My wife and I discussed taping and mudding some more, and she finally relented. I have a guy coming out to do the job in a few days. So we're back to working towards an almost completely finished train room. After the taping and mudding comes painting, then floor installation.
11 May 2020
Right after the stud walls were finished, I spent a few days and finished rough wiring all the electrical outlets in the train room. Here's a couple of shots:
Than on April 30 we started sheetrocking:
That has progressed fairly quickly.
On May 7 I had an electrician come out and tie in all the new basement circuits to the main panel - a total of four in all. There are two new 20 amp outlet circuits in the train room, plus one 15 amp circuit for the train room lights. The fourth circuit, another 20 amp one, is for the library and storerooms that will be built later on the other side of the stairs.
As of yesterday, 10 May, nearly all of the train room drywall is up. Today I started hanging and powering train room lights:
I got quotes for taping and mudding the drywall - a job I can do but hate (It also would not be wise for me to do, even using a good respirator, considering I already have some issues with my lungs). I thought the prices came in very reasonable, and the time frame is great - two days to do the entire train room, including sanding! It would take me weeks, with that pesky fine dust floating around the entire time. But my wife nixed having it done, saying we can do it ourselves (she's never even see this done before).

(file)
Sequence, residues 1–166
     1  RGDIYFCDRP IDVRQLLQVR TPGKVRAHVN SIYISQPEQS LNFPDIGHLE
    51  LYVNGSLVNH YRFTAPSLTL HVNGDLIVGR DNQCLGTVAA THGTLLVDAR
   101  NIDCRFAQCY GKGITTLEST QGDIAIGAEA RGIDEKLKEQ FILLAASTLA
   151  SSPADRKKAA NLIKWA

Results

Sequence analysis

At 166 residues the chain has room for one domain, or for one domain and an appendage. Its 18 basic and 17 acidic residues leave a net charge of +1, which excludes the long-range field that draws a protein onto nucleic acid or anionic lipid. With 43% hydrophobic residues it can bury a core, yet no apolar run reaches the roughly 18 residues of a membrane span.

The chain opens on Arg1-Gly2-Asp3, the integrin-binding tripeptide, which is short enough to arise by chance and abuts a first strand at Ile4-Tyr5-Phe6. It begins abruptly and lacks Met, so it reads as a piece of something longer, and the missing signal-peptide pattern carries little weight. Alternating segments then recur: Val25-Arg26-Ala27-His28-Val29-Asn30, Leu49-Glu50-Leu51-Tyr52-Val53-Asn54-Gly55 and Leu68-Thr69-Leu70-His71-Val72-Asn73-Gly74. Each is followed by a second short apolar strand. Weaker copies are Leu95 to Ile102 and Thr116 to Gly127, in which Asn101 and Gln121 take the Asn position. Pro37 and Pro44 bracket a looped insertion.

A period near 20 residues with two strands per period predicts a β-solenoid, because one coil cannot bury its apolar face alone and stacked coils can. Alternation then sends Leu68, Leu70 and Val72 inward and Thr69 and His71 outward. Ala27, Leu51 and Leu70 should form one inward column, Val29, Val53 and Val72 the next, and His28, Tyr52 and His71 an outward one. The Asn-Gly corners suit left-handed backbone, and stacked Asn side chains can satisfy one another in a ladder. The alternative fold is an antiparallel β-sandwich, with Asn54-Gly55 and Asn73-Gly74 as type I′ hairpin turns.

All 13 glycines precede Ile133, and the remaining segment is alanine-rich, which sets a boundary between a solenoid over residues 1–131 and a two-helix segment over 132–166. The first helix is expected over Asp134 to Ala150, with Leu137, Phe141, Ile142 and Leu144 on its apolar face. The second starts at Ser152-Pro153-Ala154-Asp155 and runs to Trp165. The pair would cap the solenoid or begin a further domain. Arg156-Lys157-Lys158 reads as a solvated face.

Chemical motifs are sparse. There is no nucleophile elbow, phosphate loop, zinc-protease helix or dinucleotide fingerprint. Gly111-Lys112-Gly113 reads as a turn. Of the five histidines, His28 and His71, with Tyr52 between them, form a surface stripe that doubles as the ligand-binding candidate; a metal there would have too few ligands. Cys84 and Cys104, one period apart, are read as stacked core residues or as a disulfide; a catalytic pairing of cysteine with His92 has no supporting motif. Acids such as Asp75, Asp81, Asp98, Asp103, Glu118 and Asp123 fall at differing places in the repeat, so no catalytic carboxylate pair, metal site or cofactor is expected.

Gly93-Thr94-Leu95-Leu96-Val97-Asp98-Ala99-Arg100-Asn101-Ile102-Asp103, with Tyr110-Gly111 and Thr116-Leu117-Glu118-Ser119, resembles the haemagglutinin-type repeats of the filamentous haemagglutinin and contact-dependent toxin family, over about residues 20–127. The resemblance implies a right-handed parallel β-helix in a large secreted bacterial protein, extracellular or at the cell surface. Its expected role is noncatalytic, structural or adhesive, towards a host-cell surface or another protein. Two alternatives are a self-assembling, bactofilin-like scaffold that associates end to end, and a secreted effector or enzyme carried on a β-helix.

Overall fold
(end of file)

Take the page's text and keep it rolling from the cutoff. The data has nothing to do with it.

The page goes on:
So I've decided the basement prep is nearly finished. I'll finish putting up sheetrock, but there will be no mudding and taping and sanding. With the walls left semi-finished, I'm also not going to bother putting down a finished floor. We'll walk on the OSB. I'll hang the lights and trim out the windows, but that will be the end of train room prep.
So within the next month or so, work on the layout will begin!
23 April 2020
Today we finally got the train room stud walls finished!
Here my wife is cutting away a corner for heat duct clearance on the wall behind the stairs:
On the wall behind the stairs I had a couple of complications. The heating duct runs below the joists about 5" in front of the concrete wall. Water pipes are also attached to the bottom of the joists between the heating duct and the wall. Here's what that area looked like:
That meant I couldn't simply attach the wall top plate to the joists as I did elsewhere. So what I did was build a couple of narrow spacers out of 1X2 red oak and install them on the joists:
And this four foot long wall in the center of the shot was the final wall to go up:
Sp tomorrow I can start electrical rough-ins. Except for lighting, it shouldn't take more than a week to complete, since it's just outlet boxes, wire, and switch boxes.
22 March 2020
Work has progressed on the long stud wall. The entire wall is in place:
And one of the two windows has been framed out (sorry about the dark photo):